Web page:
On the other hand, I was mostly pleased with how Charley's depression was shown. He cries, but not constantly. Mostly, he is silent. He locks himself into small, enclosed spaces. He says nothing to his wife or his child. He takes the drugs, because they tell him they will put them in his food if he doesn't. And given that the film is set in 1974, they aren't exactly state-of-the-art antidepressants. It's not improbable that they will have really horrible side effects. He doesn't want to take them, and he ends up resenting it mightily that Arlene is more concerned with giving the drugs to the chickens than to him, though I will point out that even a single pill a week to a chicken is a much higher dosage than a pill a day to a human. Many more adults than most people realize go through at least one incident of this kind of depression in their lives, and maybe seeing Sam Elliott portray it will encourage someone out there to get some help. People have all sorts of triggers, after all.
I think the popularity of this kind of movie, and there are an awful lot of them, is the idea that people would love to go and live out in the middle of nowhere, hardly needing any money at all. It's part of the Great American Dream--living off the land and not needing anyone else. However, I also think there are conflicting American dreams, and this one isn't mine. I have no interest in living off the land. That's a lot of work, and it's not work I enjoy. I also don't think people really put a lot of thought into what this kind of life does to the children. Okay, Bo was hardly the only twelve-year-old in 1974 who didn't know how credit cards work. There are probably kids today who don't know how credit cards work. But does she know how to make friends? She decides that she's going to start school, and I'm glad, but at the same time, there are problems. It's too late for Bo to get some of the basics of dealing with people her own age; she is always going to be different, and not always for the better.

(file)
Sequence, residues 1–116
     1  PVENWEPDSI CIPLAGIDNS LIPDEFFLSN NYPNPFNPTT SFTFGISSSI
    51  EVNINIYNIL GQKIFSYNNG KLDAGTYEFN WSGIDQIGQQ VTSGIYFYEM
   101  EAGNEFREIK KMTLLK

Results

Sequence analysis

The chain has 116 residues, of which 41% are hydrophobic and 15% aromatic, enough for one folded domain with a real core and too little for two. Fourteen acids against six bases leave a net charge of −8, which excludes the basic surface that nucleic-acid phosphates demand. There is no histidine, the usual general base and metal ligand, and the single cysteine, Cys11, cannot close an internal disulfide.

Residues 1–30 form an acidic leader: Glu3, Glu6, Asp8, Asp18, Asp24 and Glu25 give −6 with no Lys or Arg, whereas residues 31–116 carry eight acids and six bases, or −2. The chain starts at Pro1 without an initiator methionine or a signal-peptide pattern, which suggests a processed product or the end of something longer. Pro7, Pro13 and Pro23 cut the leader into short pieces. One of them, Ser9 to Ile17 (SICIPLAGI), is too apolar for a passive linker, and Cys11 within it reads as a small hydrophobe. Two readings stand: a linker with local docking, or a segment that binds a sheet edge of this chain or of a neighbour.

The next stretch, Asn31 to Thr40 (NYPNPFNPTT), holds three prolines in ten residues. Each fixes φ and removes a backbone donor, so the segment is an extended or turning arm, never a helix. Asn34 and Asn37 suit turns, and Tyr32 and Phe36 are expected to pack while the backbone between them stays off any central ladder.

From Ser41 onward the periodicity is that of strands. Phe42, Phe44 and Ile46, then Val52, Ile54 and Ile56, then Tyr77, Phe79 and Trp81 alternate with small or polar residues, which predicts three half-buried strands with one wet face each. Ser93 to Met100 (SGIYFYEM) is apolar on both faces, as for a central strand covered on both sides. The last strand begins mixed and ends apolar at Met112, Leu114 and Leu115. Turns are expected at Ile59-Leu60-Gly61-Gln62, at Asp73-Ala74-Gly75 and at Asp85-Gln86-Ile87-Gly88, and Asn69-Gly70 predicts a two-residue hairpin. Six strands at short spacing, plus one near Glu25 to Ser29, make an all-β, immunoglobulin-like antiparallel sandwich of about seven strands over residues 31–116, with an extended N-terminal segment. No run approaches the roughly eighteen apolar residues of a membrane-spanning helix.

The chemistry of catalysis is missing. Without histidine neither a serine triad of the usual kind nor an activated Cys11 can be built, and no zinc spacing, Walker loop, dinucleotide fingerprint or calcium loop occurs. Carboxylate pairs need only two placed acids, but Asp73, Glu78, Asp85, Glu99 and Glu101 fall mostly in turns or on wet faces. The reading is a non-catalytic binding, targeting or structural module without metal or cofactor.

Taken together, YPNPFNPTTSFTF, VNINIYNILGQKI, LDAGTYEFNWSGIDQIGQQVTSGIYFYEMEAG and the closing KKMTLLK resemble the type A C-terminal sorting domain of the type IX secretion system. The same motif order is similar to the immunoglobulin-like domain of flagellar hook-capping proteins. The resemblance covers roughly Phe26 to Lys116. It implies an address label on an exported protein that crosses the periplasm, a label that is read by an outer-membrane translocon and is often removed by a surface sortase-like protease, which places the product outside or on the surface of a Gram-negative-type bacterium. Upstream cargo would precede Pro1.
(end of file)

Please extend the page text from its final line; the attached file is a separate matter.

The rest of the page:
Which is not to say it is dull. It isn't. I was sucked in from the outset. There is more going on in this movie than most films. A strong, charismatic man (played with remarkable restraint by Sam Eliot) is laid low by depression. His wife (Joan Allen) is unwaveringly patient, carrying on with the burden of providing while he is frozen within his malaise. Part Native American, she possesses a fragile beauty but is resolute and deeply grounded in pagan spirituality. Their twelve-year-old daughter (Valentina de Angelis) is bursting with youthful zeal as she begins her transition to womanhood. Irrepressible and precocious, she is isolated in the world of nature and adults.
For reasons that only a federal bureaucracy could plumb, the IRS decides to audit these economic minimalists. The Feds send a rookie auditor into the wilds of New Mexico to hunt down and persecute these hippies who have the audacity to deny the government millstone the grist of their lives. After days of wandering lost, the agent (Jim True-Frost) stumbles upon the homestead while the wife stands naked in the garden. He is stricken first by her beauty, then the family's, finally by the stark splendor of the landscape. He never goes back to the IRS.
There is so much in this story that many of the audience may miss while waiting for something exciting to happen. This movie is not about thrills. Its about beauty and integrity. It is about a great experiment in our culture that is still underway.